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Socialist Review Index (1993–1996) | Socialist Review 180 Contents

Martin Jones


The wild one


From Socialist Review, No. 180, November 1994.
Copyright © Socialist Review.
Copied with thanks from the Socialist Review Archive.
Marked up by Einde O’Callaghan for ETOL.


Brando: Songs My Mother Taught Me
Marion Brando with Robert Lindsey
Century £17.99

The making of films in Hollywood has very little to do with artistic merit or talent. All that matters is that a project makes money.

Central to this is the creation of stars. The lead actors are turned into people to be admired and held in awe. As Marlon Brando points out, ‘Celebrities of a certain kind are treated as messiahs whether they like it or not’.

Brando has been a part – reluctantly, he asserts – of this myth machine since the success of the stage version of A Streetcar Named Desire catapulted him to fame in 1947.

But Brando is special, not only because of his acting, the length of time that he has been making films or because a number of the films he has made have been controversial.

Since the early 1960s he has taken radical and often principled stands off screen that have led him into direct confrontation with both the Hollywood establishment and the government. He has displayed a healthy disdain of authority and a self effacing modesty seldom seen from ‘legends’. How much of this public persona is genuine and how much of it is the created myth?

Coming to New York in 1943 in his early twenties, he found himself amongst a Jewish community swollen by those escaping Nazi occupied Europe. Totally overwhelmed by this cultural and intellectual whirlpool, he not only learnt to act but by 1945 was doing speaking tours to raise money for the Stern Gang.

He wrote later:

‘I was outraged along with most people ... that the British were stopping ships from carrying the half-starved survivors of Hitler’s death camps to a new life ... I did not know at the time Jewish terrorists were indiscriminately killing Arabs and making refugees out of them in order to take their land’.

For much of the 1950s Brando kept quiet during the McCarthy era. Here, he condemns not only the redbaiting witch hunts but also film director Elia Kazan, an ex-Communist who gave evidence to the House of UnAmerican Activities Committee, naming scores of ex-comrades, which resulted in their being blacklisted.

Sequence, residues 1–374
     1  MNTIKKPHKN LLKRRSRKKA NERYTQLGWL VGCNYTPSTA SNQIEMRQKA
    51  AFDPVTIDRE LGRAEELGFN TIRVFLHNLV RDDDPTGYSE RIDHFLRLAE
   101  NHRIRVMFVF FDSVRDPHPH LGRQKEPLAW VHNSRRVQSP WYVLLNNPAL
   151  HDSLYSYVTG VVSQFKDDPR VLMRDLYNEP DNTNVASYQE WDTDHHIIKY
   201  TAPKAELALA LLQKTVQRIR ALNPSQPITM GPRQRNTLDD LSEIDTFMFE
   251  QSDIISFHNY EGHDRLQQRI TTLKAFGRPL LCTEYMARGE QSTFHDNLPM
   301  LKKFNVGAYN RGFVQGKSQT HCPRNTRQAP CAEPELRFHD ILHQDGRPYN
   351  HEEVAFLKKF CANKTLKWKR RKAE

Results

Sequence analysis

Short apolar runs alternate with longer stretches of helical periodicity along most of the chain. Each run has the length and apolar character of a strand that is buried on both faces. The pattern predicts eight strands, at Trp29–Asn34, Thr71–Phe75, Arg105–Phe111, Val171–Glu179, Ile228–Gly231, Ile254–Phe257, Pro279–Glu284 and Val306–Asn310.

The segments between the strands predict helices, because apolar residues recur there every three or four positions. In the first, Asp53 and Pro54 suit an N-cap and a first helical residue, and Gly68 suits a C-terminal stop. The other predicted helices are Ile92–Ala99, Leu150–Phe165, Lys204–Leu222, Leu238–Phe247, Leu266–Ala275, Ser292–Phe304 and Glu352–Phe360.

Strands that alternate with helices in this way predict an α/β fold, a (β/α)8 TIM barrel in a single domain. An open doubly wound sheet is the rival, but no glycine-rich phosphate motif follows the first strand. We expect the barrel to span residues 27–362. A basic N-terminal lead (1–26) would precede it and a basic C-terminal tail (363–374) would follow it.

At the time, however, his actions were less damning. Not only did he continue to work with him but starred in On the Waterfront, which Kazan attempted to use as a vehicle to justify his betrayal. However, by the early 1960s Brando was pulled into the radicalisation that began to shake the US.

His description of the notoriety surrounding his film The Wild One should serve as an explanation of his own political development:

‘The civil rights movement, rioting in the streets because of racial injustice and the Vietnam War, were just around the corner. A sense of alienation was rising among different generations and different layers of society ... Old traditions and venerated institutions were distrusted and the social fabric was being replaced by something new.’

Through the 1960s he threw himself into a whole range of struggles: getting arrested to promote the rights of Native Americans, taking part in Freedom Rides, meeting with the Black Panthers and exposing Third World poverty.

Yet something does not ring true. I think he was genuine. With the explosion of social protests that swept the US into almost open rebellion, Brando was picked up and came out fighting on the right side. However, the fact that he was a multi-millionaire, and always an ‘outsider’, meant that as the movement fragmented and declined he was left with no gravitational pull that could make sense of the ideas that he had come across.

Something else has to be addressed when reading this, in parts very interesting, if contradictory, book: Brando’s attitude to women. He attempts to disguise a nauseating sexist outlook behind a Freudian analysis of rejection by his mother that will simply not wash.

It would seem we are now left with a man who looks at the world through the distorted mirror of an over inflated ego and sees no hope for humanity other than the discovery of DNA which will at some point in the future allow ‘a genetic fault that causes errant behaviour or self destruction ... simply [to] be removed’. At times you are left wondering if this garbage comes from the same person. Sadly, I think it does.

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